2 months ago
The events of the last three months will likely go down in history as one of the most significant, sad and ultimately avoidable tragedies of the modern era. What started in a Wuhan market has reverberated around the globe and reminded us all how interconnected and vulnerable we truly are. Borders, language differences and time zones shrink to insignificance when facing a common threat like Covid-19. In these rare moments of global focus, we see the vast potential of human creativity and drive, and it humbles us to see the sacrifice of health care workers, first responders and government officials all working on our behalf.
Aside from global people-focused news coverage, a key theme we are seeing is the discussion around the role of commerce in our lives. The pandemic has highlighted and fast-tracked innovative ways of getting people food and CPG necessities to live. Such advances serve as a window into trends that will define the future of commerce, and we have identified four themes that will have lasting influence on the space.
1: Real change follows real need, not convenience
Some of the biggest leaps in consumer behaviour and preferences have followed profound historical events. What we once considered helpful or an expensive convenience a few weeks ago has now become mainstream. Delivery services, social sharing of resources and information, new rules for human interaction and drone delivery have all become essential services today. Postmates, UberEats and GrubHub quickly enabled restaurants forced into closure to offer extended curbside pick-up and delivery options, and New York based e-grocer FreshDirect is donating meals, securing trucks and providing employee volunteers to food pantries in the Bronx experiencing shortages. .
Commerce is set to be the backbone of the stories that we tell our kids about surviving Covid-19 in the years to come because essential change happened faster in our industry than many others.
2: Availability is the new definition of success
Had Covid-19 struck 10 years earlier many of us would be standing in line for food from the back of government trucks – there was little last-mile delivery infrastructure in place to feed large populations. Today, the heroes of this pandemic are likely going to be the cooks and delivery drivers who are keeping us all going. Commerce’s modern infrastructure is keeping a good portion of the world’s population going and we’re going to see unprecedented up-take in delivery services and 3P providers based upon the success and gratefulness of many nations’ people. The convenience of delivery has become an essential service now and there is no going back.
Amazon almost immediately changed its logistics, transportation, supply chain, purchasing, and third party- seller processes to prioritise stocking and delivering essential items like household staples, sanitisers, baby formula, and medical supplies. By stepping up its delivery capabilities, they are able to offer vital products to people everywhere, especially to those, like the elderly, who are most vulnerable. Even the fitness community has moved digital by providing formerly in-person workouts online including free streamed classes from Barry’s Bootcamp and live instructional sessions from Lululemon on Instagram.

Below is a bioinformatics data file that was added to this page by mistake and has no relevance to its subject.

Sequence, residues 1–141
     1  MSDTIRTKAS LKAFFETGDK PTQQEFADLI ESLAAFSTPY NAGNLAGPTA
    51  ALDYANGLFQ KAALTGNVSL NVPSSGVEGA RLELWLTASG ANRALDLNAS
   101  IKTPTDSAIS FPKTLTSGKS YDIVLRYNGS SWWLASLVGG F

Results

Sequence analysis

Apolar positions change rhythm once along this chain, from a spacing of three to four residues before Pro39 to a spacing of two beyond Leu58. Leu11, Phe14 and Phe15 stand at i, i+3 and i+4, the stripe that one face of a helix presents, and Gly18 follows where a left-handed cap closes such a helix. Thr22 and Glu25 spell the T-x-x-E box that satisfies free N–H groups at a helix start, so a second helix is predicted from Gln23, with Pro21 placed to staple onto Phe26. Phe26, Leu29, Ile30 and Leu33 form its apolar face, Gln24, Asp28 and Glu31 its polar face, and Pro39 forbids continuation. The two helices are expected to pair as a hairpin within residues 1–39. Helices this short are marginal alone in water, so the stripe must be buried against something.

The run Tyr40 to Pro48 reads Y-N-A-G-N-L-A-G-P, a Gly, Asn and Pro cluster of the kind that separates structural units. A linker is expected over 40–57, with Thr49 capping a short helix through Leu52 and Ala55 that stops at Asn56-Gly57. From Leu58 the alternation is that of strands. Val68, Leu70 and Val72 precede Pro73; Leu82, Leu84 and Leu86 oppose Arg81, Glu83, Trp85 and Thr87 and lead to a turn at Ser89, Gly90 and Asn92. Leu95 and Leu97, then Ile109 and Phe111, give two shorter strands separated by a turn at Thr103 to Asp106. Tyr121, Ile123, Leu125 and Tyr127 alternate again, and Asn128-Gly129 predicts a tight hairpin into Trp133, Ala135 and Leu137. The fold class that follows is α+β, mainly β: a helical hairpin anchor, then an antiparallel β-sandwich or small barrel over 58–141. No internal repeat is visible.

3: What is Human is understood
We’re desperate to humanise the scale of threats and celebrate those who 'made it through'. Four of the top 5 Google searches in the first week of the shutdown in the U.S. were about which celebrities had Coronavirus. What has largely been a fact-dense topic in the U.S. (what to do or not do, how to try to get tested, etc.) is rapidly transitioning into a more human conversation about the disease. During times of stress we crave the comfort of real humans and trust their messages the most.
Within the past week we’ve seen Tom Hanks and wife Rita Wilson humanise coronavirus with reassuring live updates, and a slew of survivors using social media to contextualise their real cases day by day. By keeping the public informed about their experiences set the tone that this soon shall pass and helped people keep calm during their recovery.
4: New respect for self-reliance
Covid-19 is causing us all to be a little more thoughtful in how we plan our movements, interactions and purchasing. Even with near-immediate delivery of food we’re seeing social media conversations about being more prepared. The initial stockpiling and hoarding were negative responses to fear and we’re seeing a new more rational approach to thoughtfulness and solutions-oriented messaging to help families ride-out disruptions to commerce and activity.
Digital magazines and recipe aggregators including Food Network and The Kitchn are offering meal plan ideas for making use of pantry items you already have, in hopes of limiting unnecessary hoarding.
We are going to get through this. The world that will exist post-Covid-19 is a world we’re building today through our actions and innovations. We think we’re going to look back and recognise the huge role that commerce played in sustaining us over these challenging months. The creativity that defines modern commerce is now very much part of our collective global future. We see no signs of that creativity diminishing and as leaders in the future of commerce we aim to stay ahead of this global innovation to keep our client’s brands available, helpful and vital for us all.
Curt Munk is chief strategy officer (CSO) North America at Geometry Global